We love a good idiom here at Tongue Tied!
And as it’s that time of year again, we thought we’d share with you some festive and wintery idioms from other languages.
But let’s start off with a classic English Christmas idiom, although you might hear this all year round!
It’s like turkeys voting for Christmas
This is used in situations when someone is making a decision that won’t benefit them in any way.
The saying is often used in a political context and has its roots in politics too.
Apparently, a British Liberal Party politician used the phrase in the 70s when describing his party voting for a pact that he was against.
In the US, you might hear someone say It’s like turkeys voting for Thanksgiving!
And the German version is Nur die dümmsten Kälber wählen ihre Metzger selber, which translates to ‘only the stupidest calves vote for their butchers’!
Sticking with German, not strictly a Christmas idiom, but one with a wintery feel!
The German idiom, Das ist Schnee von gestern, translates into English as ‘that’s snow from yesterday’.
This refers to something that’s in the past and not important anymore.
What a lovely image!
An English equivalent would be something like ‘that’s water under the bridge’!
Moving over to Poland, where they have a great sarcastic and rather festive response if someone is talking about something they don’t know about or that makes no sense.
You can ask that person Z choinki się urwałeś? (or urwałaś if you’re addressing a female).
This literally translates into English as ‘did you fall from a Christmas tree?’
What a great idiom!
It can be used when someone’s talking about something that’s not very intelligent or that’s completely out of context!
There’s a lovely Christmassy idiom used in France, which says Noël au balcon, Pâques au tison.
This literally translates to ‘Christmas on the balcony, Easter at the embers’, but what does it mean?
Well, this basically means that if you’re having warm weather at Christmas (and therefore spending time out on the balcony), Easter is going to be really cold (so you’ll be spending your time round the fire instead).
Something to think about!
And did you know that when it’s freezing cold, the French have a saying Il fait un froid de canard, which translates into English as ‘it’s a duck’s cold’?!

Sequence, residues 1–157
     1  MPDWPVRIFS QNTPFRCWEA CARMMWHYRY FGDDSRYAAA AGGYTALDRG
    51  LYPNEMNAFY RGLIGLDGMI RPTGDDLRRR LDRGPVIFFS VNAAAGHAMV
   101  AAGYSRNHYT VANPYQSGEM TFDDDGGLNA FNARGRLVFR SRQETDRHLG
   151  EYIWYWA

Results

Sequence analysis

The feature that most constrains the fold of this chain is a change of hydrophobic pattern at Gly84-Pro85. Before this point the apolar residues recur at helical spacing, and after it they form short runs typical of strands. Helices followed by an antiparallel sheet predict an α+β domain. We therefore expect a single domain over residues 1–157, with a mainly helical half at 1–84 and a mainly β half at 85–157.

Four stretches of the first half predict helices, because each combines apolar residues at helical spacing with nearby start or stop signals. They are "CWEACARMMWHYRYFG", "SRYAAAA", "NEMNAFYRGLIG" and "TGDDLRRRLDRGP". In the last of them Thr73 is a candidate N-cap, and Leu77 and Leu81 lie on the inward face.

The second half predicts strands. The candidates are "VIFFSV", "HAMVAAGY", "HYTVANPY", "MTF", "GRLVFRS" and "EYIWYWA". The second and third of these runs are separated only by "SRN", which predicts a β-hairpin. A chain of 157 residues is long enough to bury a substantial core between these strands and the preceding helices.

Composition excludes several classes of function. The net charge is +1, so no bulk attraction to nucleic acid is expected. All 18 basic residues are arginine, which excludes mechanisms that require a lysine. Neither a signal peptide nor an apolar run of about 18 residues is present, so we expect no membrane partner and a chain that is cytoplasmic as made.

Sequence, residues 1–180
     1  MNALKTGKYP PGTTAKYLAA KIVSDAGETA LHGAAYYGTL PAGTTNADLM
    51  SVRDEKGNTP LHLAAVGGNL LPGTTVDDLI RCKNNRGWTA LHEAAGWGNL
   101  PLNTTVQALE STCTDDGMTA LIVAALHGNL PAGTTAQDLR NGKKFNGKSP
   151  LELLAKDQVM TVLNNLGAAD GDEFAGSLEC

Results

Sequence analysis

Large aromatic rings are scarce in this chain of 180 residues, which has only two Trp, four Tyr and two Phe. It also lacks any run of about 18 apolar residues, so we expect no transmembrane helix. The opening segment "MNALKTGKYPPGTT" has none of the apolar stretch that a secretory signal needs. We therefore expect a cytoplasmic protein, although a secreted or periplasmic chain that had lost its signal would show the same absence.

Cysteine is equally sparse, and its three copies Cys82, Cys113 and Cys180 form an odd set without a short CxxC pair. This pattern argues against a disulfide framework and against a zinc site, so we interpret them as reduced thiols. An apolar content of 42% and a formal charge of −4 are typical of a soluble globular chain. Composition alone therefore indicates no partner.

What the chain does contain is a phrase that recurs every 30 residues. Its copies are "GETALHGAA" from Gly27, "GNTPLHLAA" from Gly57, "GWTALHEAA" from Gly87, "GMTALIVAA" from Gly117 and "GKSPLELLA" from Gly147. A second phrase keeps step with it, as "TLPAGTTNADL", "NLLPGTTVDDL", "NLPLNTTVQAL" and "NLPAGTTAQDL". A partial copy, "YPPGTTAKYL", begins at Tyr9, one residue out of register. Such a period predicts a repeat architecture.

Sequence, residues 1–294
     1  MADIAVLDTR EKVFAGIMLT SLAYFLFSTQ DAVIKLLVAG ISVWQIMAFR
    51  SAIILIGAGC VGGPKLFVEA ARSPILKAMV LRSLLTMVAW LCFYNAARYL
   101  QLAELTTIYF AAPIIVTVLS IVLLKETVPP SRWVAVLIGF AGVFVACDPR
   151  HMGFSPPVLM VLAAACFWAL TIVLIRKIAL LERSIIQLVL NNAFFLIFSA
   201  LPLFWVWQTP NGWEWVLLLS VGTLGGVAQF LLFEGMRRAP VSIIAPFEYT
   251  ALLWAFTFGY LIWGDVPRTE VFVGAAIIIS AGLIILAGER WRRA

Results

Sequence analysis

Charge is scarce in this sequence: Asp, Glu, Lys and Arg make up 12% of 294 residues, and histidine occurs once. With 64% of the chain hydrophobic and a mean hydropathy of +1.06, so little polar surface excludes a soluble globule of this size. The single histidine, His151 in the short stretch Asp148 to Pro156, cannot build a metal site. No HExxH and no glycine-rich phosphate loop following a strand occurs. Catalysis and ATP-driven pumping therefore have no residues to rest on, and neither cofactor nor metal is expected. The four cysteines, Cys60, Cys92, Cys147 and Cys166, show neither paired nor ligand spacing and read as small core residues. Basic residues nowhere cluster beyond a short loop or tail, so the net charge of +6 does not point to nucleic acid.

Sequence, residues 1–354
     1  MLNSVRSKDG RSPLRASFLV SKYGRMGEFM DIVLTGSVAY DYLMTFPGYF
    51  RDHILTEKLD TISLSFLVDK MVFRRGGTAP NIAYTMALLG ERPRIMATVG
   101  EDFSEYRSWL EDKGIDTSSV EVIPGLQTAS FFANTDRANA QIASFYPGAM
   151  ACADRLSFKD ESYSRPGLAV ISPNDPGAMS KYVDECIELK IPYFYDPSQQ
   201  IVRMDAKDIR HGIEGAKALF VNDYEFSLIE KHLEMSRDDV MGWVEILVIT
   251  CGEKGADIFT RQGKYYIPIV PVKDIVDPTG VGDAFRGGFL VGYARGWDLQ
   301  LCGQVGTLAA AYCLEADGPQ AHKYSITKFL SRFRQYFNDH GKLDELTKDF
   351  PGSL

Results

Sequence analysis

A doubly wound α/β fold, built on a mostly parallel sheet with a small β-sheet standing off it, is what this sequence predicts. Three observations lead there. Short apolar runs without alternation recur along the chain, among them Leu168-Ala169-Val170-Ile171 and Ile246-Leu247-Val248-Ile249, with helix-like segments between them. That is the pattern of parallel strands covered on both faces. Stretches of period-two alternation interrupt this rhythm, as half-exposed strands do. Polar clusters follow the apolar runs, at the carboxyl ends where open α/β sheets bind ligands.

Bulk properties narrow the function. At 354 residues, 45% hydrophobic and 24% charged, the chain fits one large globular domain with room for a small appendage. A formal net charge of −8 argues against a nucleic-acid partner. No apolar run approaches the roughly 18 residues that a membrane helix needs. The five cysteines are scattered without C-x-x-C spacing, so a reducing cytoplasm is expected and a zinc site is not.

The idiom is based on duck hunting and hunters keeping really still in the cold while they wait for the ducks to get close enough to them!
In Italy, there’s also a Christmassy idiom that brings Easter into the mix.
Natale con i tuoi, Pasqua con chi vuoi literally means ‘Christmas with yours, Easter with whoever you want’.
The idiom refers to spending Christmas with your family but spending Easter with anyone you choose!
There are different theories about how this idiom came to life. It may have religious connotations or perhaps it’s to do with the fact that the weather often warms up by Easter in Italy, so you might want to take a trip to the beach with friends instead of staying indoors with family. Makes sense!
And to finish, an icy idiom for you!
The Swedish saying Det är ingen ko på isen literally translates as ‘there’s no cow on the ice’.
This means that there’s no danger and is used to tell someone not to worry!
It seems the Germans have a similar problem with cows getting stuck on ice too…
Their saying Die Kuh vom Eis holen literally translates as ‘to get the cow from the ice’.
The meaning of the saying is to solve a tricky problem, which I suppose getting a cow off ice would be!
We hope you’ve enjoyed our selection of festive idioms to get you in the mood for Christmas and the cold weather!
Can you think of any other wintery or Christmassy sayings?
We’d love to hear some more in the comments!
And we wish you and your loved ones a Merry Christmas and a Happy New Year!